User acceptance testing (UAT) is defined as formal testing with respect to user needs, requirements, and business processes, which is conducted to determine whether or not a system satisfies certain acceptance criteria. It is an essential aspect of many types of technology contracts, but is often overlooked. This note aims to break down the key aspects of the UAT process, and provides a checklist of things to consider from both a customer and a supplier’s perspective.
  • Artificial Intelligence and the Insurer
    Artificial intelligence (AI) is an increasingly pervasive aspect of modern life, thanks to its role in a wide variety of applications. The technological advancement and applicability of AI systems has exploded due to, cheaper data storage costs, increased computing resources, and an ever-growing output of – and demand for – consumer data. As such, we expect to see change in several critical aspects of the insurance industry.

The University of Arts London, CreativeIP

Lexology

Preiskel & Co (Former law firm)

Capital Forum

The 1709 Blog, CopyKat

  • Winds of Change (22 September 2018)
    Axel Voss and the new Copyright Directive: deceived or indifferent?; American copyright modernization reforms unanimously pass Senate; TickBox sent packing as film studios and Netflix win $25 million lawsuit; Legal storm for Netflix over Stranger Things; Cadillac’s hopes to avoid trial are “smashed” by graffiti artist SMASH 137
  • All is fair in love and war? (25 August 2018)
    Disney claiming fair use (?!) against the estate of Michael Jackson;Prenda Law’s pornography honeypot lawyer (finally) pleads guilty; are South African copyright reforms a shining example or bad for business?; “Objection!” to calling alleged infringement “theft” is overruled; Aerial Photographer won’t let Cardiff Steel fly away free with his image; Aerosmith v. Donald Trump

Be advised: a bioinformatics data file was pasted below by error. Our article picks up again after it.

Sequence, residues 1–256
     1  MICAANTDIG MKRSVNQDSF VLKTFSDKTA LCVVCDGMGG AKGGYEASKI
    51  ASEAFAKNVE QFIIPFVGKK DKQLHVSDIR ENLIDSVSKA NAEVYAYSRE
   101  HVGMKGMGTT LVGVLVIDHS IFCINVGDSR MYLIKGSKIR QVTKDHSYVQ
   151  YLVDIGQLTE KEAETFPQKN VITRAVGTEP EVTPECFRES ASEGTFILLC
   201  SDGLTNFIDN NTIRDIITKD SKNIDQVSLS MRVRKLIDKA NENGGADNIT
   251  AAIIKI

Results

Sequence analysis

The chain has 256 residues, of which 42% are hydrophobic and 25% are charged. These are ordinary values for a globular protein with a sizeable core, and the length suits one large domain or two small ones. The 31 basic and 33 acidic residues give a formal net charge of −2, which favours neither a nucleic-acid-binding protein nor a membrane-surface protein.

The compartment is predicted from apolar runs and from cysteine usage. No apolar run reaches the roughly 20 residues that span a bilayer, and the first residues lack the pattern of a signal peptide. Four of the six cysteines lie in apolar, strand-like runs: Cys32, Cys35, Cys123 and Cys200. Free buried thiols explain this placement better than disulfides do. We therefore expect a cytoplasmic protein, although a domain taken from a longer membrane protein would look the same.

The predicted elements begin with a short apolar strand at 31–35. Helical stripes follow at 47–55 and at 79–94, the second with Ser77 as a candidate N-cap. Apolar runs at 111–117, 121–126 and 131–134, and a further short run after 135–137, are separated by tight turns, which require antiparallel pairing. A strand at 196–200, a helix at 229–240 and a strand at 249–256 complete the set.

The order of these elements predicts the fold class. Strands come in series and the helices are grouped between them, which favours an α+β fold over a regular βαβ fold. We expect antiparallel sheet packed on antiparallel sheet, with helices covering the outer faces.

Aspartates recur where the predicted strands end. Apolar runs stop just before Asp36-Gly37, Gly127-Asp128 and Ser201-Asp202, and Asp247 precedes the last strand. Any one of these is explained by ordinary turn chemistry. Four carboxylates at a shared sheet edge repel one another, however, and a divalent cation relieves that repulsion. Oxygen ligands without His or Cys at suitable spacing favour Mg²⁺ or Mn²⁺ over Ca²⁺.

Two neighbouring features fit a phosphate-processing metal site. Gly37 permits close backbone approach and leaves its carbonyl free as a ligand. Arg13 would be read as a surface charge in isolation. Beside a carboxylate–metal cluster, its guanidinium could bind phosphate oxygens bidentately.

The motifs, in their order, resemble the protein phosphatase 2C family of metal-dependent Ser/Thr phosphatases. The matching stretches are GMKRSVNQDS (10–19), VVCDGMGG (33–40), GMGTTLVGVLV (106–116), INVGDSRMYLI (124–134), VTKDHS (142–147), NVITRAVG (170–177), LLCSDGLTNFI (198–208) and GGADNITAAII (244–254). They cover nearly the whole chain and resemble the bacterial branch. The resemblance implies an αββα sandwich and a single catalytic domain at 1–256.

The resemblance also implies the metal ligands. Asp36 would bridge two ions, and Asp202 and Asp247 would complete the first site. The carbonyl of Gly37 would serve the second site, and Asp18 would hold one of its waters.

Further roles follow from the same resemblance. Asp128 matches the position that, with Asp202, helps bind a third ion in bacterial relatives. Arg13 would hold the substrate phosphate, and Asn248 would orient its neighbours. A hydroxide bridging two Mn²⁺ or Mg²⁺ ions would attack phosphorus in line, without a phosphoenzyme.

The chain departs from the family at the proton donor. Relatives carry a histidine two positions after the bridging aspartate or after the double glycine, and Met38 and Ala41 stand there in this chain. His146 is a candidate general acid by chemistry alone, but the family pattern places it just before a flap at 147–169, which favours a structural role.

• Faceswap for the Statue of Liberty (17 July 2018)
    Lady Liberty “faceswap” will cost the United States Postal Service $3.5M; YouTube’s “Copyright Match” offers enhanced screening technology (for a selected few); Fifa takes down celebratory World Cup dance video; Did one of Africa’s largest telecoms companies steal an app idea from former employee?; Copyright woes continue for Kenyan collecting societies; Copyright awareness comes to China
  • From Fallout Shelters to your local library (25 June 2018)
    Is Warner Bro’s Westworld game a blatant rip-off?; Social network, media company, host provider, neutral intermediary… what’s in a name for YouTube?; California wage lawsuit may raise concerns over copyright; The Digital Economy Act 2017 and the Public Lending Right Scheme
  • Follow the Money (25 May 2018)
    Stock photo companies: uncertain standing?; Freelancers finally make (some) bank; Nightmare in Nigeria for Copyright Society; Smokey Robinson supports CLASSICS for fairer compensation
  • Licensing, lawsuits, and legislative updates (16 April 2018)
    Community Health Systems fails Microsoft check-up on licensing; “Grande” victory on vicarious liability in RIAA piracy case; EU-ser Created Content: draft Copyright Directive fails to hit the right note with artists; House Judiciary Committee goes for a modern remix of US Copyright Law; Spotify turns up the volume on licensing technology
  • The CopyKat Goes Back to School (25 March 2018)
    Cartoonist sues Infowars over Political Pepe Poster; Chicago landmark featured in controversial political advert without sculptor’s permission; Fair dealing exemption for Canadian classrooms; Copyright fees hit the wrong note with Japanese music schools; Calls to reform Australian fair dealing provisions; Bollywood star calls copyright laws “rubbish”; Is Taylor Swift getting a copycat Reputation?
  • Posing difficult questions… (8 March 2018)
    Jumpman blocks photographer’s shot at copyright claim; Playboy Bunnies vs Boing Boing; EU Recommendations formalise earlier guidelines on IPR enforcement; You cannot copyright the dolphins!; Project Gutenberg: the German edition – laudable, but still infringing!
  • The CopyKat muses: art for art’s sake? (21 February 2018)
    General Motors sued for featuring graffiti in Cadillac advert without artist’s consent; LA Artist Sues Lollapalooza for copyright infringement in breach of licence agreement; Music video for Black Panther soundtrack “inspired” by British-Liberian artists. Also reproduced at Music Law Updates.
  • Filmmakers, Facebook and Football (4 February 2018)
    Anthem of the Civil Rights Movement “We Shall Overcome” is freed into public domain; Documentary filmmakers to receive free legal advice from California law students; Facebook’s inks new global, multi-year agreements with Universal and Sony Music; European Commission to produce a Counterfeit and Piracy “Naughty” List; High Court grants football match blocking injunction to UEFA under copyright rules